(Published 06 January 2016)
Cite this as: BMJ 2016;352:h6904
- Franco Sassi, head
- OECD Public Health Programme, Health Division, Organisation for Economic Co-operation and Development, 75016 Paris, France
A staggering growth of obesity rates in countries worldwide has left governments and other stakeholders scrambling for effective solutions.1 2 Few countries so far have gone beyond mild actions in tackling obesity, unhealthy diets, and physical inactivity; all major triggers of the current epidemic of non-communicable diseases. Yet the economic crisis has heightened concerns about the long term sustainability of healthcare systems. At any time an obese person incurs at least 30% higher medical expenditures than someone of a healthy weight.3 Fiscal measures have a legitimate place in the public health policy toolkit,4 and several countries have chosen to use taxes on foods and non-alcoholic beverages in an attempt to improve the quality of people’s diets and curb the spread of obesity.5 Mexico was one of the latest to join this group, when in 2014 it launched a comprehensive strategy to fight an obesity problem that has reached extraordinary proportions. The Organisation for Economic Co-operation and Development and World Health Organization had estimated in 2010 that a similar strategy could save about 160 000 disability adjusted life years in Mexico annually.1 Mexico is also one of the top consumers of sugar worldwide, as well as a top producer and exporter.6 The strategy includes taxes on sugar sweetened beverages and on calorie dense foods.7
In a linked paper, Colchero and colleagues report the first, much anticipated, empirical evaluation of the early impacts of Mexico’s excise tax on sugar sweetened beverages.8 The study is not based on the estimation of a full demand system, which we may expect to see in the future, but on a pragmatic difference in differences approach, relative to a counterfactual extrapolated from past trends. Purchases of taxed beverages in urban areas in Mexico declined more than expected (on average 4.2 fewer litres per year, or 6% of all purchases of taxed beverages), while purchases of untaxed beverages increased (12.8 litres more than the counterfactual). Reductions in purchases of sugar sweetened beverages were larger and increased over time for consumers of lower socioeconomic status.
These results are not surprising, but their empirical confirmation is of the greatest importance for governments that have opted to use taxes on sugar sweetened beverages as part of public health strategies, and those considering to do it. The study helps us to look beyond the ideological statements that tend to dominate the public debate. Consumers do respond to price changes that taxes can produce, and this new study contributes to a large evidence base.9 But other outcomes are not fully explored. Whether consumers’ reactions will lead to healthier diets depends on how taxes are designed and what selection of products they target. Despite evidence of an increase in purchases of untaxed beverages, especially bottled water, the full extent of substitutions made by Mexican consumers is not known. We also do not know from the study whether a 1 peso/L tax is large enough to achieve meaningful health benefits. To assess this, population models are needed.10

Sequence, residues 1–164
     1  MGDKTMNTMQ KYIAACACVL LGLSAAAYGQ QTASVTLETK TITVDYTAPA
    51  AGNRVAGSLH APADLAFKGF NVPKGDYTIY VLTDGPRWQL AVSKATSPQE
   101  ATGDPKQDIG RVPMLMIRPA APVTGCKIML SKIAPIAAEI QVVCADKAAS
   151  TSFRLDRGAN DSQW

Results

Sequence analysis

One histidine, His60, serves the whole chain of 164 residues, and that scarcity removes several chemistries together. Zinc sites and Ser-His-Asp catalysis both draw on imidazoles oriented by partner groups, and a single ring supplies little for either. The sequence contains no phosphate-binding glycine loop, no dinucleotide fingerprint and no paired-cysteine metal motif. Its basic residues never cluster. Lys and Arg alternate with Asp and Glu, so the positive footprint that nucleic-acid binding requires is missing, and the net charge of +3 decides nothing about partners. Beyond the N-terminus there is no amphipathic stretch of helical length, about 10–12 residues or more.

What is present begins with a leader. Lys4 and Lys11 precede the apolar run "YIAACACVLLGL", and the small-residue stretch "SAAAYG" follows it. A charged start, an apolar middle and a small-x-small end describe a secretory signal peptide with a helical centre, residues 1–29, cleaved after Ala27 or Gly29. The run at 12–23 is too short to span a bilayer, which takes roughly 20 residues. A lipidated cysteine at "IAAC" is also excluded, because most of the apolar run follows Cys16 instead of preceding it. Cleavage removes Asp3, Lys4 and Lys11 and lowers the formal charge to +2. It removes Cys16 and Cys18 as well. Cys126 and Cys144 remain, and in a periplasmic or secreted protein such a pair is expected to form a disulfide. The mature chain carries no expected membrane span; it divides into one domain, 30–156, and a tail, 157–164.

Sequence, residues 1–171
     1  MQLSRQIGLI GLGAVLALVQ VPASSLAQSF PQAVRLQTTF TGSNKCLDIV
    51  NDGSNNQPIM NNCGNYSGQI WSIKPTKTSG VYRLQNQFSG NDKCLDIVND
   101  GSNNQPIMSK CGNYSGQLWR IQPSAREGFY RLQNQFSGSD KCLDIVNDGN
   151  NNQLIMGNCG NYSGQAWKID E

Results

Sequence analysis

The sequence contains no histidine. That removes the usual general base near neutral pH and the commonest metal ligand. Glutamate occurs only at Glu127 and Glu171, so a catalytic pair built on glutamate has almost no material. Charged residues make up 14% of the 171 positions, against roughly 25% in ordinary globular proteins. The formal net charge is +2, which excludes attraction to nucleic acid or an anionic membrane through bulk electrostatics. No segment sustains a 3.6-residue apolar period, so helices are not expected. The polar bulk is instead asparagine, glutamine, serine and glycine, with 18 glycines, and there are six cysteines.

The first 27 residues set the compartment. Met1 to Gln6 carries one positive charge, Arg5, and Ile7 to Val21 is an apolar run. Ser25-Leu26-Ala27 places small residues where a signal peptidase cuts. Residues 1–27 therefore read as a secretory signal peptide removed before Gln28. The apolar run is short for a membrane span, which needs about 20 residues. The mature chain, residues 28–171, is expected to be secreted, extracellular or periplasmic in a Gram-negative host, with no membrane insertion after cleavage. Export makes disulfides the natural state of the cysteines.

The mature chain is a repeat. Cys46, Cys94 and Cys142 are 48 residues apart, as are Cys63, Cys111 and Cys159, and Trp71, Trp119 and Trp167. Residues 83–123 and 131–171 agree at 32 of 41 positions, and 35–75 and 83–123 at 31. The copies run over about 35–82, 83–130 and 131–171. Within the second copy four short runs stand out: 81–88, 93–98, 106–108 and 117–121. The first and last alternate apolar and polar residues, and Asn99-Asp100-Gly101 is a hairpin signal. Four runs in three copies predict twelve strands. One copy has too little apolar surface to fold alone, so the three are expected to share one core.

Taxes are not simple tools, and designing them to engineer an improvement in people’s diets is especially complex. Setting them at sufficiently high levels is politically challenging, and increases the risk of unintended consequences. Taxes can be part of a public health strategy—and Mexico’s is a great example for other countries—but they cannot be viewed as a magic bullet in the fight against obesity. The claim that sugar is an ideal candidate for taxation dates back at least to Adam Smith’s work on the “wealth of nations” in the 18th century, but for taxes on products containing sugar to improve population health, more conditions have to be met than Adam Smith could have envisaged, and complementary actions have to be put in place. The single most valuable contribution taxes can make to a public health strategy is the signal they give consumers and the entire food system (“from farm to fork”), that a government is concerned about the harms associated with unhealthy diets and is serious about tackling them. This is the strongest incentive for consumers to reconsider choices often made automatically, based on habits or environmental influences, and for players in the food supply chain to reorient their production towards healthier options.
But other, complementary, policies are also needed. A broad menu includes regulatory measures (for example, nutrition labelling, regulation of health claims, and advertising), health education based on a sound behavioural understanding of consumers’ food choices, incentives for research and development in food production, voluntary initiatives with agreed targets and independent monitoring, changes in the environment of food choice, and counselling by general practitioners of people at higher risk. Taxes do have a place in a broader strategy in countries that are facing disproportionate harms from unhealthy diets, but having to make people pay for their potentially unhealthy consumption choices is not a success for public health. If all of the above policies were used systematically and effectively, the focus of the policy debate might shift away from taxes in the future.
The opinions expressed and arguments employed in this editorial are those of the author. They do not represent the official views of the OECD or of its member countries.
Competing interests: I have read and understood the BMJ policy on declaration of interests and declare the following: none.
Provenance and peer review: Commissioned; not peer reviewed.
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